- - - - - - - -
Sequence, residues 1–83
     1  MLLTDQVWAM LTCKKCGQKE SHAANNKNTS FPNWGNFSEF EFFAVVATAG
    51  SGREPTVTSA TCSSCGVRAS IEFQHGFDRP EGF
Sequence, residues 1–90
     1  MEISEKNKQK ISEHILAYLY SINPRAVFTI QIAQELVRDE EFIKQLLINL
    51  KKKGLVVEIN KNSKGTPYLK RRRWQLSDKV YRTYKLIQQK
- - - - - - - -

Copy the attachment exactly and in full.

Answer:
Sequence, residues 1–83
     1  MLLTDQVWAM LTCKKCGQKE SHAANNKNTS FPNWGNFSEF EFFAVVATAG
    51  SGREPTVTSA TCSSCGVRAS IEFQHGFDRP EGF
Sequence, residues 1–90
     1  MEISEKNKQK ISEHILAYLY SINPRAVFTI QIAQELVRDE EFIKQLLINL
    51  KKKGLVVEIN KNSKGTPYLK RRRWQLSDKV YRTYKLIQQK